Alaska by James A. Michener

AlaskaAlaska by James A. Michener

My rating: 4 of 5 stars

Just arrived from Germany through BM.

Page 141:

Thus the great expedition proposed by Vitus Bering staggered to an inconclusive ending. No officer had set foot on Alaska proper; the scientific excursions had been aborted; no useful charting was done; and fifteen men had already been lost. The adventure which Bering had said could be completed for ten thousand rubles would ultimately consume the two million predicted by the accountants, and all that would have been proved which was not already known was that Alaska existed and Terra da Gama did not.

Page 170:

Before Cook, a British warship could leave England with four hundred sailors and expect one hundred and eighty to be dead by the time the voyage was over, and sometimes the toll reached the appealing figure of two hundred and eighty. Cook, unwilling to captain a ship that was little more than a floating coffin, decided in his quiet, efficient way, to change this, and he did so by instituting a few sensible rules, as he explained to his crew at the beginning of their memorable third voyage: ‘We have found that scurvy can be controlled if you will keep your quarters clean. If you wear clean dry clothes whenever you can. If you follow our rule of one watch on, two off so that you get plenty of rest. And if you will each day consume your portion of wort and rob.’

Page 178:

After Pym, with no knowledge or charts to guide him, sailed his Evening Star north from Lapak, he entered a world into no other American had ventured or would soon do so.

Page 180:

In the days that followed, the Americans learned that these men lived a short distance to the north in a village of thirteen subterranean huts containing fifty-seven people, and to the vast relief of the whalers, they found that the villagers were peacefully inclined. They were Eskimos, lineal descendants of those adventurers who had followed Oogruk from Asia fourteen years earlier. Six hundred and sixty generations separated them from Oogruk, and in the course of time they had acquired the skills which enabled them to survive and even prosper north of the Arctic Circle, which lay nearly three hundred miles to the south.

Page 214:

In that memorable year 1789, when France launched the revolution which would bring its people freedom from excessive tyranny, and the former American Colonies ratified their revolution by initiating a new form of government, under a remarkable constitution ensuring freedom, a group of vicious Russian fur traders committed a great atrocity against the Aleuts on Lapak Island.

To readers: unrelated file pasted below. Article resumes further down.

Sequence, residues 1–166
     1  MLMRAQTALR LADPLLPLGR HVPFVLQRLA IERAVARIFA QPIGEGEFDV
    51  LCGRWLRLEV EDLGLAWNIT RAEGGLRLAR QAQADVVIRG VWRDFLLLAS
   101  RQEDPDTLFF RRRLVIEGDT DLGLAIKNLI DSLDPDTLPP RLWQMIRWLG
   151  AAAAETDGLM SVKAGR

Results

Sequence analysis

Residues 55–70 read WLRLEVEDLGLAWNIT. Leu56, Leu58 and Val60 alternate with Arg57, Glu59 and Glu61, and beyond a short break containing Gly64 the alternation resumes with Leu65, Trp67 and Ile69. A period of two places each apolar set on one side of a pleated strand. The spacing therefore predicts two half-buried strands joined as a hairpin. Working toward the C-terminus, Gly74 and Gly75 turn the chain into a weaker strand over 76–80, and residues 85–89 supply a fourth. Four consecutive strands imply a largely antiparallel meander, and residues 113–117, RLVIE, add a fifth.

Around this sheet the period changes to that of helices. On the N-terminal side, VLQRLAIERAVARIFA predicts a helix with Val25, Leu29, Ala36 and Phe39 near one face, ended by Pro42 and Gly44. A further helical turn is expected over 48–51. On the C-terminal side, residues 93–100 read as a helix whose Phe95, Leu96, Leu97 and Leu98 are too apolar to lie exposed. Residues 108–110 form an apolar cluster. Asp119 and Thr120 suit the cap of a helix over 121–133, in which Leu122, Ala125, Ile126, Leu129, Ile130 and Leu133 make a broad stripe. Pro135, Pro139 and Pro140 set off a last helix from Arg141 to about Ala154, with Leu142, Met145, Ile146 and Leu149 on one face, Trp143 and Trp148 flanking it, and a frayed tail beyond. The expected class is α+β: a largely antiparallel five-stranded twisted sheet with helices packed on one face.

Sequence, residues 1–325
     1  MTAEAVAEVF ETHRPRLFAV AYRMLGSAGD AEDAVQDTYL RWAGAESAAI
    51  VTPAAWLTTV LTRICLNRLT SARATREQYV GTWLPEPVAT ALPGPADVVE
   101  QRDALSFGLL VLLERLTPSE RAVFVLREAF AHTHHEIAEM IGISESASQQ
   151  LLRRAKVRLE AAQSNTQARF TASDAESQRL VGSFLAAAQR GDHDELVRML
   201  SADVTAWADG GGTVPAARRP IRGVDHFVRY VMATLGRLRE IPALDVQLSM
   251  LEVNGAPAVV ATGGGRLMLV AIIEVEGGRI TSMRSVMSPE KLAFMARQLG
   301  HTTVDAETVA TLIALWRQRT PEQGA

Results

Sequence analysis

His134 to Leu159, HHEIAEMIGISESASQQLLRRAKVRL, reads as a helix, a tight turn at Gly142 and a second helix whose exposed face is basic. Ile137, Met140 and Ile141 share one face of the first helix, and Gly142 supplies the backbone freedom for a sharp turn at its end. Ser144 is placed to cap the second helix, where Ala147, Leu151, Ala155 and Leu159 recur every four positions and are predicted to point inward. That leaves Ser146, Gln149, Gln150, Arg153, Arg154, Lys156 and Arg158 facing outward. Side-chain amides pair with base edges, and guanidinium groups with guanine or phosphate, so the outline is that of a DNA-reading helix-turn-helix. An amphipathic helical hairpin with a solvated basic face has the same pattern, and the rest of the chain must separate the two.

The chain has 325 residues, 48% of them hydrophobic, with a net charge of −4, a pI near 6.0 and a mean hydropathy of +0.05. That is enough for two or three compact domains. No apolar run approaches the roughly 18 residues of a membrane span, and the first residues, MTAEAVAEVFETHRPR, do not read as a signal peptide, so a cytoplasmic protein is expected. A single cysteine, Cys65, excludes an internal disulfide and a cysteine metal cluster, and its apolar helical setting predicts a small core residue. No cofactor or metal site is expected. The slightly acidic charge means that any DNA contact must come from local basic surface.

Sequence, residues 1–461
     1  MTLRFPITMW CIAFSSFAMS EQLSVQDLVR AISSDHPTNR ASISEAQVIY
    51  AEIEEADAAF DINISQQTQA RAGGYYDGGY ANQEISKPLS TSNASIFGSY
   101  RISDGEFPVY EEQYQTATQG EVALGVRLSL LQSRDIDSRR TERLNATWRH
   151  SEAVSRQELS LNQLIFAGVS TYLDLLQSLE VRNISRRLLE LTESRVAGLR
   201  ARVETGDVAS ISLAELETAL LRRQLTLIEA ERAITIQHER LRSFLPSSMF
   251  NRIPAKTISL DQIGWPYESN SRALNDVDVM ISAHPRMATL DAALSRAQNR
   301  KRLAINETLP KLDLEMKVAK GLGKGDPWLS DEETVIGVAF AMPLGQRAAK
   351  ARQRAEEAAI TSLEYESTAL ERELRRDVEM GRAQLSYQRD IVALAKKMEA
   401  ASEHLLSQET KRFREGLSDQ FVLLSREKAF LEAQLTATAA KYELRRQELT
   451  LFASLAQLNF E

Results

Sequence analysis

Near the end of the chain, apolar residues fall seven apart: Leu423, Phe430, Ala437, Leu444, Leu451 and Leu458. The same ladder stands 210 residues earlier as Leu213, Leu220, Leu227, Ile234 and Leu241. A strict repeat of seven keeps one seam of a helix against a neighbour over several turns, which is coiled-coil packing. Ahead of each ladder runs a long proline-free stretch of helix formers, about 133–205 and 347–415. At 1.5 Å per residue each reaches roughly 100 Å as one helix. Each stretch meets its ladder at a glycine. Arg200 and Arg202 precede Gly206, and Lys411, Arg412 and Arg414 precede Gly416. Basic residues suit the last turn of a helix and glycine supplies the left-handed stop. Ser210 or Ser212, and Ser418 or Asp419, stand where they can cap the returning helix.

Page 813:

One day she had guided him toward the shore of the Knik River, and she told Flossie: “I think she wants us to go see the George Lakes,” and with only this shadowy suggestion the old Irishman organized an expedition to one of the treasures of Alaska.

“Way up there a closed-in valley. It ought to flow directly into the Knik, but the wall of the glacier blocks it off, so the backed-up water forms a chain of three beautiful lakes, Upper, Inner and Lower Lake George. And there they stay locked up all through the cold weather, because the frozen glacier serves as a stopper.’

Page 825:

‘You can come to Alaska forty times and travel around all sides to those mountains and never see Denali,’ and Venn said: ‘I know.’ But there it was, in all its frozen glory, not only the highest peak of the continent but also the farthest north by a large margin. When you paid your respects to Denali, you were knocking on the door of the Arctic Circle, which lay less than two hundred and fifty miles to the north.

Page 910:

In 1969 the United States government began paying serious attention to the problem of how ancient land rights of the Alaskian Natives could be honored and protected, and one honest principle motivated all decisions.


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